Patient Centric Pharmaceutical Drug Product Design is a combination of the terms Patient Centricity and Pharmaceutical Drug Product Design. This research field addresses the specific needs of the target patient populations and how best they can be incorporated into the design of a drug product during clinical development. In an ideal scenario, the design should include non-complex elements that are intuitive and can support the patient to use it as intended, without the need for specific training or supervision. As such, by applying a patient-centric model, increased attention would be given not only to the dosage form design to ensure that the patient is able to administer it correctly, but also to the packaging design to confirm that the patient is able to easily access the medication.
Back in 2008, a revised ICH Q8 guideline has addressed the need for drug products to be designed according to the specific needs of the targeted patient population. Notwithstanding, current pharmaceutical pipelines still do not seem to be properly addressing the specific characteristics and needs of patients. For example, even though it is known which specific user group is expected to benefit from a certain drug product under development, it is usually the case that the targeted patient population is not properly represented in the conducted clinical trials. The implementation of patient-reported outcomes was a good start to promoting a patient centric approach during clinical trials, however, there is still more to be achieved. Another milestone is to ensure that the target patient population for a new investigational drug product is well established and appropriately represented in the clinical trials. Following that, clinical programs must be expected to assure that a proper environment is created for the patients to feel empowered to provide valuable feedback on how they perceive and intuitively use the investigational drug product. Lastly, it must be guaranteed that adequate clinical methodologies, with defined and clear endpoints, can be used by applying the subject of patient centric pharmaceutical drug product design to convert patient feedback into a drug product that is designed to meet the individual needs of the target patient population. Therefore, anticipating the characteristics of the targeted patient population during drug product design is more likely to generate an optimized pharmaceutical product that delivers the specific needs of patients in a real-world setting, something which the current business model is not considering during randomized clinical trials.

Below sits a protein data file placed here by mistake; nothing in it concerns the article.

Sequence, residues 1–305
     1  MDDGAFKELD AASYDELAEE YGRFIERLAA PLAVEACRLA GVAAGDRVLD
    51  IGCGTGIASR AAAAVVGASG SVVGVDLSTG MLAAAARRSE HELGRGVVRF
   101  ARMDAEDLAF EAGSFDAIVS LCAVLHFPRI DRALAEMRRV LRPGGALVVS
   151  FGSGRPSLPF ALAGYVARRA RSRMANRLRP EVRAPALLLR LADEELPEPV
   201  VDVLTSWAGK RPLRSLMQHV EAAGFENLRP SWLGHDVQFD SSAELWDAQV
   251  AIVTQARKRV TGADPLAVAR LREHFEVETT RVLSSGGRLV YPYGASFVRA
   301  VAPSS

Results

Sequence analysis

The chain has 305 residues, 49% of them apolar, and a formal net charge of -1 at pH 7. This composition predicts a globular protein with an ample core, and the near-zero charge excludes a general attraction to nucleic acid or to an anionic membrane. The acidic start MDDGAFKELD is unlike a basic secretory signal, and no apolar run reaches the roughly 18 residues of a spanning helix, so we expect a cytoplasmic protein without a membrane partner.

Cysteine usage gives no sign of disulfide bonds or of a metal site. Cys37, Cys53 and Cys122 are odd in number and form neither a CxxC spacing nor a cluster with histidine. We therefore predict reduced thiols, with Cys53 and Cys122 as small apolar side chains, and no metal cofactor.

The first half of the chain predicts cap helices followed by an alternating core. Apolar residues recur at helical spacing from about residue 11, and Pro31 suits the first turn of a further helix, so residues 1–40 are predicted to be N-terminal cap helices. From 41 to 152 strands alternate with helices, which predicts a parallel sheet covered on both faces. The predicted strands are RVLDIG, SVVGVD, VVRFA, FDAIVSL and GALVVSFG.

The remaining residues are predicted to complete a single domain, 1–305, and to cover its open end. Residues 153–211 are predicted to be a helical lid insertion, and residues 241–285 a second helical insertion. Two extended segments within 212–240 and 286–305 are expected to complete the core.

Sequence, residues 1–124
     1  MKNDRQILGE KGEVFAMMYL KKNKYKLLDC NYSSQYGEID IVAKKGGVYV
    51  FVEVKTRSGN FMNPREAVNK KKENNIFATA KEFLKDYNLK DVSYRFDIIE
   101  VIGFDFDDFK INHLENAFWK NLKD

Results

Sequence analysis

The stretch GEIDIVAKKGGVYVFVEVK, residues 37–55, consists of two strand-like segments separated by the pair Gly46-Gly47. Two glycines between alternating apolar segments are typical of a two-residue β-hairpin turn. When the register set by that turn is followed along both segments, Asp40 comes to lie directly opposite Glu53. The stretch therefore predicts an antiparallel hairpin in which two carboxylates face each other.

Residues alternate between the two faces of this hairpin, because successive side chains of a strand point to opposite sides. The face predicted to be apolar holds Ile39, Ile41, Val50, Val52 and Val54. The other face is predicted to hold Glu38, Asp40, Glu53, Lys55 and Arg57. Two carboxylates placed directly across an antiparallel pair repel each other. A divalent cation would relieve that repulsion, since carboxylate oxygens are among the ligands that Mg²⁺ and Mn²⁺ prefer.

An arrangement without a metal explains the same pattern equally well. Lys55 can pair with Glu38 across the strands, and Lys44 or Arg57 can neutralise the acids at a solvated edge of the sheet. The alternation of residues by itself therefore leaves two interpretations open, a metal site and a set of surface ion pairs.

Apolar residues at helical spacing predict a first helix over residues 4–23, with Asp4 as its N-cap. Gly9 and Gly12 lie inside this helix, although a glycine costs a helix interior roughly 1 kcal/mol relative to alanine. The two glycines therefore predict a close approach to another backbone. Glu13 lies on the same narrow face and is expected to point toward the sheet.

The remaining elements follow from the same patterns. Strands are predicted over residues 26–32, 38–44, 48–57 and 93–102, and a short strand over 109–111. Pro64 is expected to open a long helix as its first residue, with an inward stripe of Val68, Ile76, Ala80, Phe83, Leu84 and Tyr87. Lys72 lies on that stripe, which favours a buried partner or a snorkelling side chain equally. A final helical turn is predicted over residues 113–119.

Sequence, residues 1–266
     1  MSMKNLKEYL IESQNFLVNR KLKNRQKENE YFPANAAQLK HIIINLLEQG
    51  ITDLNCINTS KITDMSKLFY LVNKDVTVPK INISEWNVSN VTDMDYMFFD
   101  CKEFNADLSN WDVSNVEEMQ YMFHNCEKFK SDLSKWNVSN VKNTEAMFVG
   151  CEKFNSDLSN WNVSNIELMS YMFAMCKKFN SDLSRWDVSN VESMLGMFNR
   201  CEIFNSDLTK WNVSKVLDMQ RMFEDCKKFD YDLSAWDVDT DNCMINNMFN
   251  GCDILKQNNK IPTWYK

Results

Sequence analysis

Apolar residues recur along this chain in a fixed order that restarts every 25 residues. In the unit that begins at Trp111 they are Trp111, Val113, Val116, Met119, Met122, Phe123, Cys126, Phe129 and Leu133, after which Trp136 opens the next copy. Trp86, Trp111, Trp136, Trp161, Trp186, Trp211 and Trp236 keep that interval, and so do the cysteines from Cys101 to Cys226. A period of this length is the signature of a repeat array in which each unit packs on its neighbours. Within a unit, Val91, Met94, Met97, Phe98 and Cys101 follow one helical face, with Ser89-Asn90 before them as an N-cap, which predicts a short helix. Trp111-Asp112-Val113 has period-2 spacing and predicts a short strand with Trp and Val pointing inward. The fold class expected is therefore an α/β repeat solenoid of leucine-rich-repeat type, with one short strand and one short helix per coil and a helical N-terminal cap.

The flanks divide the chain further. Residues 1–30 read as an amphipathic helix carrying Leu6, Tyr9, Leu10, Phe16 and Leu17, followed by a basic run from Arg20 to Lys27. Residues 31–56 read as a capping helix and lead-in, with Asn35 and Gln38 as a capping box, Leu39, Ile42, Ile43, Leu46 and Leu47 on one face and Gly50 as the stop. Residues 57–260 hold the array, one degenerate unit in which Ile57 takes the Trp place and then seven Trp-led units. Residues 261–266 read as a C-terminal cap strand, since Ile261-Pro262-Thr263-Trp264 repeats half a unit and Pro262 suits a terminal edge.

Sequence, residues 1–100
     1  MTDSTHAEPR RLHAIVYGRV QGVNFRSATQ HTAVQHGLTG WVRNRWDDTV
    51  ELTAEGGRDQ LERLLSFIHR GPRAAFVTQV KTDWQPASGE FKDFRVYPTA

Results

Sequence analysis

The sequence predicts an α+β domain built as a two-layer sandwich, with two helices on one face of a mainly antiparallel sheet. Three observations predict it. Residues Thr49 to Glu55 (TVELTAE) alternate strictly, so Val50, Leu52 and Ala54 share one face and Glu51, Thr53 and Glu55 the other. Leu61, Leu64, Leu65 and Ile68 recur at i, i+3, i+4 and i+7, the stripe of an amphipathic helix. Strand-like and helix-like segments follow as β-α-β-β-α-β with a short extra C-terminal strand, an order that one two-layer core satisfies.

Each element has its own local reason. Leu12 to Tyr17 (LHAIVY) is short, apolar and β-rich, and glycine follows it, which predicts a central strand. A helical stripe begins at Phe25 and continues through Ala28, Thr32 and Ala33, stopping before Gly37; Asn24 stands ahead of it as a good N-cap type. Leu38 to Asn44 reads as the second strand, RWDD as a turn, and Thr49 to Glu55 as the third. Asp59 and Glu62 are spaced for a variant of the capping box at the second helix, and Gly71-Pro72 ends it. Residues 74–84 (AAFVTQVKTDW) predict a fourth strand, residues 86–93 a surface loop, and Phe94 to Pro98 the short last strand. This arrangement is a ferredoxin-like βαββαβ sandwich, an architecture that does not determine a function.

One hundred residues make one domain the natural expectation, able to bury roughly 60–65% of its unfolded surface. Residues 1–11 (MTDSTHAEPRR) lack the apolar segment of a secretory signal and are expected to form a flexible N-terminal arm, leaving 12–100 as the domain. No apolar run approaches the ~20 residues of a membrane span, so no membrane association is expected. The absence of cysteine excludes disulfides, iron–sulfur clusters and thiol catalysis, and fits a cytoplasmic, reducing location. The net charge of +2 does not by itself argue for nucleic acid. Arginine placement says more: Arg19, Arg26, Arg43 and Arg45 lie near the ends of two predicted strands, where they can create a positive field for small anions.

The recent multi-stakeholder framework conducted by the European Medicines Agency in September 2022 on patient experience data in medicines development and regulatory decision-making shows, without a doubt, huge progress towards the implementation of a patient centric model within the Pharmaceutical Industry. Slowly but steadily, we will get there.